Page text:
Finally, scientists need to study various ways to deflect an incoming asteroidfrom its path and save the planet, according to the report. This could take many forms: ramming a spacecraft into the asteroid, breaking it up with nuclear bombs, detonating explosives nearby to partially vaporize it and let the gases push it off course, or even painting parts of it black or white to allow the sun’s light to push it in a different direction.
Getting some practice is also part of the plan: The working group recommended conducting missions to asteroids to test technologies that would enable asteroid herding. This includes a nimble propulsion system, onboard artificial intelligence and monitoring systems for up-to-date assessments of the asteroid.
We’ve already gotten a head-start. In addition to several asteroid rendezvous over the past two decades or so, the OSIRIS-REx mission, launched in September 2016, will make contact with with the asteroid Bennu in August 2018. The goal is to collect samples from Bennu and return them to Earth, a mission that will also test some of the protocols necessary for an asteroid-deflection mission, should it ever become necessary.
Detection Is the key
But before we get into the deflection business, we need a target. This is why Lu and others are pushing for better detection capabilities now. It could take more than a decade to fully design and equip a mission to coax an asteroid off its path toward Earth, so early warning will be key.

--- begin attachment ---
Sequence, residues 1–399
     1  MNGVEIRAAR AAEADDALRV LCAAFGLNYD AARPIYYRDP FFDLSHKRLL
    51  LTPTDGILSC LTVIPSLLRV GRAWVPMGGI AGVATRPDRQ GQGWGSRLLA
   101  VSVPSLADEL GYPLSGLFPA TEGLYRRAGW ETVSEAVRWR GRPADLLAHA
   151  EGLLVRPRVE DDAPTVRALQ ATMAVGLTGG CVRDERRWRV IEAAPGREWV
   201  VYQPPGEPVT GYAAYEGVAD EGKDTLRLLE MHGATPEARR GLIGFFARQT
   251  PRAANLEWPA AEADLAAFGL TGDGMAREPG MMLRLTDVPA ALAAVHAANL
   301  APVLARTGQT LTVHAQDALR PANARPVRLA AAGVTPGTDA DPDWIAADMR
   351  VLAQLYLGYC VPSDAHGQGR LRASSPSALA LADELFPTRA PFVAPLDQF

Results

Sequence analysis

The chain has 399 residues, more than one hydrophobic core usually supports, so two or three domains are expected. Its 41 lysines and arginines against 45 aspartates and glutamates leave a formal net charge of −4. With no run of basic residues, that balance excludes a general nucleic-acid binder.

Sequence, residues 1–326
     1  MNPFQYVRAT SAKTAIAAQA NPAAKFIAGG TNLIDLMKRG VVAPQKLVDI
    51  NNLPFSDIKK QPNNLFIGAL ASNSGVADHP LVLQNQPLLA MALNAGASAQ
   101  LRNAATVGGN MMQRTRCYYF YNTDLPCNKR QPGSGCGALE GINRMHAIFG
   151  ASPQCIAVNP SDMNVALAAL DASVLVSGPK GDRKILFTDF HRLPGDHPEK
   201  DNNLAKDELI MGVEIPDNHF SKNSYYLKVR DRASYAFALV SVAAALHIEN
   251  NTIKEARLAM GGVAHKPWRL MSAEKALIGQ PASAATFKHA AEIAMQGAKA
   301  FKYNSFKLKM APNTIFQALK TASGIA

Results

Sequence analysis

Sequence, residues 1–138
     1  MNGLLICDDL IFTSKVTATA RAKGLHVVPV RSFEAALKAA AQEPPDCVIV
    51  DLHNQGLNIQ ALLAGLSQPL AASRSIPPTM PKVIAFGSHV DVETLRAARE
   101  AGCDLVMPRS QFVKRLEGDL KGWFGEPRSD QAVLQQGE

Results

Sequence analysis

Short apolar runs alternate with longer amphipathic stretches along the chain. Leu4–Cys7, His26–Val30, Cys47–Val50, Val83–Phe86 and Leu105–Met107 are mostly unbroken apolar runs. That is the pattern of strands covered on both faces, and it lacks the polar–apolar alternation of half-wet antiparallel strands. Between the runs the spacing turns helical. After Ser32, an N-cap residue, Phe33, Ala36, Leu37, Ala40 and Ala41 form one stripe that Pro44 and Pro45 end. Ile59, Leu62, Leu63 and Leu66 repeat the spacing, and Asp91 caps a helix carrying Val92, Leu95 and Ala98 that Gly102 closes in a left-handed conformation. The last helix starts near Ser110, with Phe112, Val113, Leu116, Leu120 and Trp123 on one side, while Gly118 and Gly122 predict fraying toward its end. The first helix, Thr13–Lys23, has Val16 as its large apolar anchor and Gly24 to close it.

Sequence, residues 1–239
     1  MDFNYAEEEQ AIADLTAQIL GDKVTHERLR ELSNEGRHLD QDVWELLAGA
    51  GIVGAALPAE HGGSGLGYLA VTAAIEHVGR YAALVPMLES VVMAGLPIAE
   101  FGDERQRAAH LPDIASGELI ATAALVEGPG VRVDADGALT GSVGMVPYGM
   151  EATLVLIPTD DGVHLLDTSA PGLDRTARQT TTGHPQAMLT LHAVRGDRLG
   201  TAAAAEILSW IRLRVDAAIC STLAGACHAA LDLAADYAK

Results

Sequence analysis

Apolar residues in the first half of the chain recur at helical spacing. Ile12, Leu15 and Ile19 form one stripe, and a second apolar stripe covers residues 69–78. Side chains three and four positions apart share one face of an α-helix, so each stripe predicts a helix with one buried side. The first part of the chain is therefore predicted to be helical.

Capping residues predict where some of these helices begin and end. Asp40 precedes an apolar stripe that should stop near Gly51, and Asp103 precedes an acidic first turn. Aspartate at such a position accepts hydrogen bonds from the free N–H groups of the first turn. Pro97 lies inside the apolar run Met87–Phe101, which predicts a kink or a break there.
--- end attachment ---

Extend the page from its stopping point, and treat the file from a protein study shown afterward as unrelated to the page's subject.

Lu says that projects of this sort need to be viewed as more than just scientific missions, which has often doomed them to funding shortfalls.
“It should not be judged in a pure science competition against other scientific missions with the criteria being how much novel new science you are doing,” he says. “This is really something that is not just science, but it’s really about protecting life.”
The money involved would barely make a dent in NASA’s budget, to say nothing of larger agencies like the Department of Defense.
“We’re talking half a percent of the budget of a small agency like NASA,” Lu says.
The problem may lie in the way that we as humans assess risk. We seem to have a tough time grappling with the consequences of events that we haven’t personally experienced, and sometimes fail to take the necessary precautions. The 2011 Fukushima disaster and the failure of the levees after Hurricane Katrina are prime examples.
“It’s not as small as you think, it’s just that it’s longer than a generation,” Lu says. “If it didn’t happen in your lifetime, you naturally discount it.”
This article originally appeared on Discover.